In the 1970s, there was for a time the notion of job enrichment. It was all the rage. Organizations, it was felt, had gone too far in breaking down jobs into elemental components, and in order to achieve happier, more satisfied or engaged workers, what was necessary was to enrich their jobs to make them less robot-like. Workers therefore were given more of a “whole” piece of work to do. You don’t hear much about job enrichment today, do you? It was not carried out very well in the majority of cases and in some cases workers whose jobs were enriched were not happier, but went on strike for higher wages and/or benefits, since more was being expected of them. This occurred not because enriching jobs was wrong, but because of fundamentally poor management practices or poor implementation of the job enrichment schema. In some cases workers were given new skills and responsibilities, but were in many ways still treated and compensated as unskilled labor, destroying any sense of fairness or equity they may have had.
An organization’s ethics is a broad and somewhat nebulous definition, but can generally be stated as the values to which the organization subscribes. How it behaves from a legal perspective is only one piece of the ethics equation. Over the years I have found that each organizational member’s view of ethics can be quite varied and is very dependent on where within the organization that member sits. The definition of ethical behavior by a blue collar worker is indeed different than the definition of ethics by management and ethical definitions will differ between professionals and administrative assistants or supervisors etc. And there are often differences in understanding or saliency of communication as different groups think about what is ethical to them. Forgive me, Isaac Asimov, for taking liberties with your Laws of Robotics, but given the way some organization attempt to operate in a robot-like fashion, I could not help but adapt the Robotic Laws into Organizational Laws that might just form a basic foundation for big-picture ethical behavior in organizations.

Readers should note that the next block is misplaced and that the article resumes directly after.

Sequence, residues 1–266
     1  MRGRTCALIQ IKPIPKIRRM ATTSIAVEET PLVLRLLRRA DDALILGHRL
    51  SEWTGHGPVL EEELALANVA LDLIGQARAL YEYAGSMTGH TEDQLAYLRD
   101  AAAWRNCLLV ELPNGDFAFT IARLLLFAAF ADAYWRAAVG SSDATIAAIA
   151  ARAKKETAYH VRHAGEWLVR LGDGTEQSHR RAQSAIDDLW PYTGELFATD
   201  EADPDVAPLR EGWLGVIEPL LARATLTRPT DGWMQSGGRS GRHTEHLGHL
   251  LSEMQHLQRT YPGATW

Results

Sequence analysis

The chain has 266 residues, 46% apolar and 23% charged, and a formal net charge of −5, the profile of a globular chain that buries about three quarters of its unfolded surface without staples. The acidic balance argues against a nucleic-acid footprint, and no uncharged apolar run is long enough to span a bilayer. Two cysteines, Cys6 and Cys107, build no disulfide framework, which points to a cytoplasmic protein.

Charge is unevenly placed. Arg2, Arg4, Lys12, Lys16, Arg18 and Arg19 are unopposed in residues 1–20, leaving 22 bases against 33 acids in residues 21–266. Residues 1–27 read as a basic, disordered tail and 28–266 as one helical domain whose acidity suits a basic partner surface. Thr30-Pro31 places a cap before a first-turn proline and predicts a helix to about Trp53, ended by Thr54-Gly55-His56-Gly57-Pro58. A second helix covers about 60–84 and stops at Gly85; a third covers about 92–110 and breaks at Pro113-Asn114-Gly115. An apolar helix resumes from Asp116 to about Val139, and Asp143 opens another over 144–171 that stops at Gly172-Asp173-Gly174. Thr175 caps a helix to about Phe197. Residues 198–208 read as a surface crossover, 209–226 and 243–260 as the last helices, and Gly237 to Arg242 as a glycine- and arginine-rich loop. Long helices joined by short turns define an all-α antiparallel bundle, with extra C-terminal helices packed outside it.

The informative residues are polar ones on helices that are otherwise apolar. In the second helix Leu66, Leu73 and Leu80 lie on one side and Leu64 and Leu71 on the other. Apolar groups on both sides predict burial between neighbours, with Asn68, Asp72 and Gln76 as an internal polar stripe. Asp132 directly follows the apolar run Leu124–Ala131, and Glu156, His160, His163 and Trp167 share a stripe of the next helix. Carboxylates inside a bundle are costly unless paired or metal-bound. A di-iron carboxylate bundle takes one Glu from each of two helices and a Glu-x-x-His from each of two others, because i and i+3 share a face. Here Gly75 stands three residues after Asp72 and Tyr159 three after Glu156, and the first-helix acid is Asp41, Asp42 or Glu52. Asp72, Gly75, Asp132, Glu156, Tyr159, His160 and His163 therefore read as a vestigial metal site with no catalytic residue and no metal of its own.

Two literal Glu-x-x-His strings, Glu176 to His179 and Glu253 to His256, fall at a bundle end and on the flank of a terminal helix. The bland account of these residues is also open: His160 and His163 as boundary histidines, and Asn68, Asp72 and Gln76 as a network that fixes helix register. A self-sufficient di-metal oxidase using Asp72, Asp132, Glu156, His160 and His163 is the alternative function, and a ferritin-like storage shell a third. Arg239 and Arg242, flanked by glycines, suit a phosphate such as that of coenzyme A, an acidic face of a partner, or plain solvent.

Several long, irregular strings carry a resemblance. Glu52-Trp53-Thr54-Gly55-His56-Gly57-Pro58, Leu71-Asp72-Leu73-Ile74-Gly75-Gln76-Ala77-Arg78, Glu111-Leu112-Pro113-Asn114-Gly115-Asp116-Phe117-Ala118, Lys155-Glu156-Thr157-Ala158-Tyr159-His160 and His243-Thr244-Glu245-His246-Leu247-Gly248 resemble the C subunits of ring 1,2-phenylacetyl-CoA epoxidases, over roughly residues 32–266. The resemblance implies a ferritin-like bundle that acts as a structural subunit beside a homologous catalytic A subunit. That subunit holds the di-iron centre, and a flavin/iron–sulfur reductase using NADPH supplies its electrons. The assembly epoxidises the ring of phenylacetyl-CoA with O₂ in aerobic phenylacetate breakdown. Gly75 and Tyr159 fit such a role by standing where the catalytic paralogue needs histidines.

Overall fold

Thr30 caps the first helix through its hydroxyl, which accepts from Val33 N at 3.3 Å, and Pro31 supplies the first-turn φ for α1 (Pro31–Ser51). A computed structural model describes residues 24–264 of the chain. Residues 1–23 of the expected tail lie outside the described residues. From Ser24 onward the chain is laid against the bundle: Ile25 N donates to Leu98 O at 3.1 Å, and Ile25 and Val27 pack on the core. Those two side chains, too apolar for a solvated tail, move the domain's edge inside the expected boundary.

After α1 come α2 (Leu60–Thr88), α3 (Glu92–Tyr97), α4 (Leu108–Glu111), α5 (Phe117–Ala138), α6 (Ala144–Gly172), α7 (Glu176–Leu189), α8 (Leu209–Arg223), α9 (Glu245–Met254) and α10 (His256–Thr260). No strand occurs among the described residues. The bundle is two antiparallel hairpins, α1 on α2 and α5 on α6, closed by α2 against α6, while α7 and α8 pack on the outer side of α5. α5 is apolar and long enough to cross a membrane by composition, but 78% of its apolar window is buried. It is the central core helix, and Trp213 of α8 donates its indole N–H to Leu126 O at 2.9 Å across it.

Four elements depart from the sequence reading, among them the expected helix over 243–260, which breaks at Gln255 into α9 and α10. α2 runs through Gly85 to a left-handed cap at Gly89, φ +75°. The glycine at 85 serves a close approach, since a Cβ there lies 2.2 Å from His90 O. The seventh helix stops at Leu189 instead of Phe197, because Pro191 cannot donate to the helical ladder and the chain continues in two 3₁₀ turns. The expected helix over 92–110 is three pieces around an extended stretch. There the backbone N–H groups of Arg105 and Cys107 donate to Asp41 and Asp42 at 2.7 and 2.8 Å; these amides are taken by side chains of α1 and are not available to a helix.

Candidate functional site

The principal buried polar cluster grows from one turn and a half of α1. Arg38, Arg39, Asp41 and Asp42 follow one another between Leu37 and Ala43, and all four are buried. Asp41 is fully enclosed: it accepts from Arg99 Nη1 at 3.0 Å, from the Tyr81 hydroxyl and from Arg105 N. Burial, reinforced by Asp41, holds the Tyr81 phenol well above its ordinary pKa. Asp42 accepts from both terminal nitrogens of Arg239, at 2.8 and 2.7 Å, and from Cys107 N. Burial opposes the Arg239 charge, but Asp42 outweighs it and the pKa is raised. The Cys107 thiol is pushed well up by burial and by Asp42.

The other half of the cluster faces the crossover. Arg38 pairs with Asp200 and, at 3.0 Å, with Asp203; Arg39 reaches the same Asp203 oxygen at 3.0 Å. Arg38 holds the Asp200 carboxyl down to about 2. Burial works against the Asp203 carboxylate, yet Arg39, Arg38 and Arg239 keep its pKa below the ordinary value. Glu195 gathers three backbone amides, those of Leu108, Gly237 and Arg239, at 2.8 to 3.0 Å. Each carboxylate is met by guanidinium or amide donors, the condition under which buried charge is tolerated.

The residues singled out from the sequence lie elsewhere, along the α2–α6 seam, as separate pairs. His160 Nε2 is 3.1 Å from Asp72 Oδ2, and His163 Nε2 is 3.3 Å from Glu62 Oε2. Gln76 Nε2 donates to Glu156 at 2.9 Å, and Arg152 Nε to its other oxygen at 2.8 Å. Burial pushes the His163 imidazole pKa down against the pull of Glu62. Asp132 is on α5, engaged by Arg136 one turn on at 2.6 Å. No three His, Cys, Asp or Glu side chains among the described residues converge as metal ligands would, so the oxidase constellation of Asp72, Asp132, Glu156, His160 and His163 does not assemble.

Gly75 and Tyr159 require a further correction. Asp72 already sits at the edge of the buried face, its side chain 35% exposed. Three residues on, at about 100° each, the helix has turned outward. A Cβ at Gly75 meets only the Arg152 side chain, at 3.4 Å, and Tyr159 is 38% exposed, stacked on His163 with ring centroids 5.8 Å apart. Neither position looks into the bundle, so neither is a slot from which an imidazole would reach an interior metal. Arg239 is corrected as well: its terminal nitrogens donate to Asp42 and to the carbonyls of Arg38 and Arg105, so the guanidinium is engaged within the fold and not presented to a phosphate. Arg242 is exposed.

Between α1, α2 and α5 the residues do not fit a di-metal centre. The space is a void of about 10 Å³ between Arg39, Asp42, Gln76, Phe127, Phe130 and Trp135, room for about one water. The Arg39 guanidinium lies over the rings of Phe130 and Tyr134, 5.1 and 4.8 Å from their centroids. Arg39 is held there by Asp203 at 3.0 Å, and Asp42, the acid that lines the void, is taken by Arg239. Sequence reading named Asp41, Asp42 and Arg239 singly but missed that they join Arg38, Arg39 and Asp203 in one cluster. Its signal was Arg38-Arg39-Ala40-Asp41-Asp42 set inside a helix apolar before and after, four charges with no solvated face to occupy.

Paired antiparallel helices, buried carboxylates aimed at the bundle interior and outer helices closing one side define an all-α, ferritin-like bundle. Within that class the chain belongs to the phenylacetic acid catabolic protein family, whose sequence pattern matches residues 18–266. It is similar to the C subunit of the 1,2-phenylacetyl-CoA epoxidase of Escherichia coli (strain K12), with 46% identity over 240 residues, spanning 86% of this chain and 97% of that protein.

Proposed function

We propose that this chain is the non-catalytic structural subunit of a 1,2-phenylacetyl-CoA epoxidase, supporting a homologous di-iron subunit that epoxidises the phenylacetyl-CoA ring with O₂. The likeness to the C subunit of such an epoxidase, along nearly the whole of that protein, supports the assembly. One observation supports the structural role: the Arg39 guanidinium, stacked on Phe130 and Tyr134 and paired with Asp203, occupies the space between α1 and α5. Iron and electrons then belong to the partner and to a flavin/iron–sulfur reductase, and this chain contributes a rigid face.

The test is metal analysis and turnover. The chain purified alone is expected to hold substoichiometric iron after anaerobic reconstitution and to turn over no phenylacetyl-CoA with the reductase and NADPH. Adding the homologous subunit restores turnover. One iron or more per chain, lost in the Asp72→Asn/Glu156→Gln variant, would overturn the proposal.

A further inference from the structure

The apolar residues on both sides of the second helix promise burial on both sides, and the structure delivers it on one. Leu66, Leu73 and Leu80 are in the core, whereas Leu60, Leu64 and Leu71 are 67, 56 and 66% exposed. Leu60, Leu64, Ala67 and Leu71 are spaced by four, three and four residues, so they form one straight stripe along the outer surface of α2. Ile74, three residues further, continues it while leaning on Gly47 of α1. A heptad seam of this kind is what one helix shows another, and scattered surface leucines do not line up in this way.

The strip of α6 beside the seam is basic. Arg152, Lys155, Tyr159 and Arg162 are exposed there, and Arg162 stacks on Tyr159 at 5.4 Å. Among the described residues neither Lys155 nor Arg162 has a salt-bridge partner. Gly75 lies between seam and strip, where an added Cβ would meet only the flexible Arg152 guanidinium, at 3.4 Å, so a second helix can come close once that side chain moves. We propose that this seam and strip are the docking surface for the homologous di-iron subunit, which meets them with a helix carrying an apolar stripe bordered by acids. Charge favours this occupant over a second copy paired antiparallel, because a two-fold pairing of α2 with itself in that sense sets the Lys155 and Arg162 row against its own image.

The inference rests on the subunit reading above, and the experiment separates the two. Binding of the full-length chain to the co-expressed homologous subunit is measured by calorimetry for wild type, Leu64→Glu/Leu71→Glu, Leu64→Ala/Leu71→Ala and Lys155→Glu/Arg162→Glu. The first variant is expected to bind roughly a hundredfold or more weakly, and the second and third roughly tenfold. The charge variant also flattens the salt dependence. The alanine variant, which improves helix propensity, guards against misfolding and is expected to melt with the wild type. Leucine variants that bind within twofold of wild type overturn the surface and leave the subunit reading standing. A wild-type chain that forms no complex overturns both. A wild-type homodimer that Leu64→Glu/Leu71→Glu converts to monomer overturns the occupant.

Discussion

- An organization may not harm the Earth, or, by inaction, allow the Earth to come to harm.
- An organization may not harm humanity, or, by inaction, allow humanity to come to harm.
- An organization may not harm a constituent (e.g. employee, customer, citizen, supplier, member), or through inaction allow a constituent to come to harm.
- An organization must follow societal laws and regulations except where such laws and regulation would conflict with the First, Second or Third Law.
- An organization must protect its own existence as long as such protection does not conflict with the other Laws.